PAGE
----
While at a memorial service a few months ago, waiting in the lobby to say my goodbyes, I saw a sign that made me smile. A very simple statement that, at first glance merely referred to the situation at-hand, but the more I thought about it, its significance grew deeper.

Please tend to your children.

Personally, I’m not one for bringing children under the age of 10 to a funeral or memorial service. My mother frequently reminds of the time I ceremoniously tap danced up and down the church aisle and around my Great Aunt Ruth’s casket during her funeral service. Not wanting to throttle me in public, my mother waited for the best time to grab me and quickly take me outside of the church where I was most likely spanked and threatened within an inch of my life if I ever did it again. Of course I don’t remember any of this but my mother swears it’s true.

Now that I am a mother myself, I realize that Karma is just waiting to bite me in the butt for all the trouble I caused, so to be safe, I leave my son at home. But there are other folks who feel differently. So the sign in the funeral home lobby is a necessity. It reminds everyone to watch their kids and make sure they are on their best behavior. No running, screaming, throwing things or tap dancing around the casket while the choir sings Amazing Grace.

However, while driving home later that night, I thought more about that sign and its meaning took on a whole new significance to me. I began thinking about it in regards to children as a whole. It made me think about the children who have no one to “tend” to them.

I thought about the children who are growing up too quickly, having to take care of substance-addicted parents who can barely take care of themselves, much less anyone else. I thought about the parents who would rather be friends with their kids than authority figures. I thought about the parents who struggle to make ends meet by working 2 or 3 jobs while their kids are home alone or running the streets. I thought about the parents so consumed with their own lives that they don’t even realize when they’re kids are at home.

As I continued to think about these kids, I got sadder and sadder. My heart goes out to them. But what can be done to “fix it”. All the parenting classes in the world won’t do a bit of good if no one signs up to take them. If a single mom needs to work 2 jobs in order to pay the rent and buy groceries, no one can expect her to have time to sit and help with homework or talk with her kids about what happened that day. She’s working to keep her family together. But by doing that, her kids are left alone with no adult supervision to ensure they are safe or doing what’s right. It’s a catch 22. Financially, she can’t afford to be at home and as a parent, she can’t afford not to be there. So what happens?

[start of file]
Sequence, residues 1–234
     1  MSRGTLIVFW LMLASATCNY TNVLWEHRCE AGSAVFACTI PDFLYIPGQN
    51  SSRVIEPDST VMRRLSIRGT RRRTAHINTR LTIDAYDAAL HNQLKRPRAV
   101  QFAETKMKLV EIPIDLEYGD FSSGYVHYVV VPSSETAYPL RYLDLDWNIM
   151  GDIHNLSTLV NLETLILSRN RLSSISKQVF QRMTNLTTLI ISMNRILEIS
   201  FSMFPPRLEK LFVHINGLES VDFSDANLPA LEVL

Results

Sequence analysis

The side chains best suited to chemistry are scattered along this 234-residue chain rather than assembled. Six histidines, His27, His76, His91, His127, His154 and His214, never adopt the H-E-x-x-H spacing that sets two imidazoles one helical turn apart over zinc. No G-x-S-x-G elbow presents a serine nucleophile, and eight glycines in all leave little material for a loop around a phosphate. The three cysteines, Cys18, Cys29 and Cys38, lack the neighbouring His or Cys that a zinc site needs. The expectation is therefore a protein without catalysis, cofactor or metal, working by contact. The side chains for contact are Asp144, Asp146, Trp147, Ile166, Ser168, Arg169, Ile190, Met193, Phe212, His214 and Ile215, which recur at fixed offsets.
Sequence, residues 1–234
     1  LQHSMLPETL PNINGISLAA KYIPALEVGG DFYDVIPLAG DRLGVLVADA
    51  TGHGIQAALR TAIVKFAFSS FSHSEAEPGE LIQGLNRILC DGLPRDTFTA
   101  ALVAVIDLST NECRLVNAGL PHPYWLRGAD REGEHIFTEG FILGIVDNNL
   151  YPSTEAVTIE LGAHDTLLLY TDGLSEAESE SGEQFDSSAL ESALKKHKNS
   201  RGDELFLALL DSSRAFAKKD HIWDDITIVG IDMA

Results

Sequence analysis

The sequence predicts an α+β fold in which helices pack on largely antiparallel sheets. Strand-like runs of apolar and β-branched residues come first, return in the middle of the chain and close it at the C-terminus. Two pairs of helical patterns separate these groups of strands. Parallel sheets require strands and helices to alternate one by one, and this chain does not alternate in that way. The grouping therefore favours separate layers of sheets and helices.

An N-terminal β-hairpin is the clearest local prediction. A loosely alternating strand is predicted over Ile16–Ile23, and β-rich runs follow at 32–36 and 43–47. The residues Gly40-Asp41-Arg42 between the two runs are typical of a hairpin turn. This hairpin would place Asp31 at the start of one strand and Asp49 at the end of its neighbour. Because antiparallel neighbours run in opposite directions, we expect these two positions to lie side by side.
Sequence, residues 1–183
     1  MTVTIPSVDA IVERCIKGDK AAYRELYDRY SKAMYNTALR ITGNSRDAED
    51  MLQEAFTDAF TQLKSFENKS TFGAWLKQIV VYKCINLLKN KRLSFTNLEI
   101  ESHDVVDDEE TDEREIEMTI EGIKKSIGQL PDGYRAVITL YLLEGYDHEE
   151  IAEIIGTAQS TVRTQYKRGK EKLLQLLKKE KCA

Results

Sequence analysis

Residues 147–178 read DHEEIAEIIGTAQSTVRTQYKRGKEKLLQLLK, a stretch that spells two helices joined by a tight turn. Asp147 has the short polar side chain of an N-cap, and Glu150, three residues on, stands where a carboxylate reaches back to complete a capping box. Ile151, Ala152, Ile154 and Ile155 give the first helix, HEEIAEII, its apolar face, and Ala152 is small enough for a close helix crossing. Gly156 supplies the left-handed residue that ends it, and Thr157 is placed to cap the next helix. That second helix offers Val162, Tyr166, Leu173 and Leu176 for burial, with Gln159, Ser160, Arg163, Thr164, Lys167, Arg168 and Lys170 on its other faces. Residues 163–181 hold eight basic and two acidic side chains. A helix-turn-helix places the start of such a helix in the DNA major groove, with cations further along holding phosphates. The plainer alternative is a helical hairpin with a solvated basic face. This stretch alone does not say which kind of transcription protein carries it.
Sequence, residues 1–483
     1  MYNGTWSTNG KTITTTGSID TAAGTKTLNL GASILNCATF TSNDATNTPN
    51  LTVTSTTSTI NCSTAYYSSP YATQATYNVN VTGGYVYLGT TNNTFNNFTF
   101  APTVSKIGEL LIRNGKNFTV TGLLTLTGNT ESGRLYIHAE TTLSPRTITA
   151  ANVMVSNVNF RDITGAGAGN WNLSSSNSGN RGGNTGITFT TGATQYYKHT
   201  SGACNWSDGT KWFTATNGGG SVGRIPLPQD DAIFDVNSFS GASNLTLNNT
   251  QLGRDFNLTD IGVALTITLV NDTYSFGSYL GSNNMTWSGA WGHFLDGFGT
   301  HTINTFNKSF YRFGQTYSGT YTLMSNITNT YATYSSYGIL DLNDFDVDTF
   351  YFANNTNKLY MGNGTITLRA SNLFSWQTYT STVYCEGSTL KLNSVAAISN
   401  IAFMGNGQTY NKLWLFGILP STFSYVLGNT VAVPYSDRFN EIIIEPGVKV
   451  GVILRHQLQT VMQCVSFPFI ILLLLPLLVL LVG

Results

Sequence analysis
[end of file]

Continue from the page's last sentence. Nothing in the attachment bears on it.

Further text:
That’s where community after-school programs come in. With wonderful organizations such as the YMCA, Neighborhood Centers, the Boys and Girls Clubs of Greater Houston and the Child Care Council of Greater Houston, Houston area kids have the opportunity to be cared for, nurtured and tended to. There is no reason for them to walk through their childhood years alone. There are people in our community who are willing to put in the extra work to make sure every child is given the chance to succeed.

We’ve all heard stories about the teenager who fell in with the wrong crowd, ran the streets and ended up dead as a result of being in the wrong place and the wrong time. It’s a heartbreaking tragedy that happens all too often. A young life, full of promise, is snuffed out. And we all think, “How sad!” But we quickly move on to other things thinking the problem is too big for us to solve.

“I’m just one person…what can I do to help?” The answer is surprisingly easy.

1.       Volunteer a couple hours every month and be a mentor for a child in need. Help them with their homework, ask them about their day, take them to one of the many outstanding museums we are lucky to have, be the positive role model they so desperately need in their lives. All it takes is a few hours of your time.

2.       Donate to a local nonprofit organization that offers quality after-school programs. Here are links to the few I mentioned above.

a.       YMCA – www.ymca.org

b.      Neighborhood Centers – www.neighborhood-centers.org

c.       The Boys and Girls Clubs of Greater Houston – www.bgclubs-houston.org

d.      Child Care Council of Greater Houston- www.cccghi.com

In this day and age, funding for nonprofit organizations is hard to come by. Programs are being cut because there is no money to fund them. When programs are cut, the children attending these programs are cut as well. Your donation could save a program and in turn, save the life of a child. All donations, big and small, are a tremendous gift. You don’t have to be a Rockefeller to make a difference.

3.       Take time to notice and respond to any red flags you see in a child’s behavior. Maybe it’s the kid who lives across the street or a classmate of your son or daughter. If you think there’s something wrong, go with your gut. Get involved. Don’t feel like it isn’t your place. Too many times a child could be saved from a horrible situation if someone acted on their instincts and got involved. If you’re really uncomfortable, make an anonymous call to someone….anyone. Don’t just turn your head and tell yourself it’s not your problem. It is your problem. It’s all of our problem. Remember, it’s takes a village.

You can be there for children who have no one. It’s important to the future of our society. Today’s children will be leading the country when you and I are old and gray. And I’d feel a whole lot better if I knew our future leaders had a strong foundation that they’ve built their lives upon.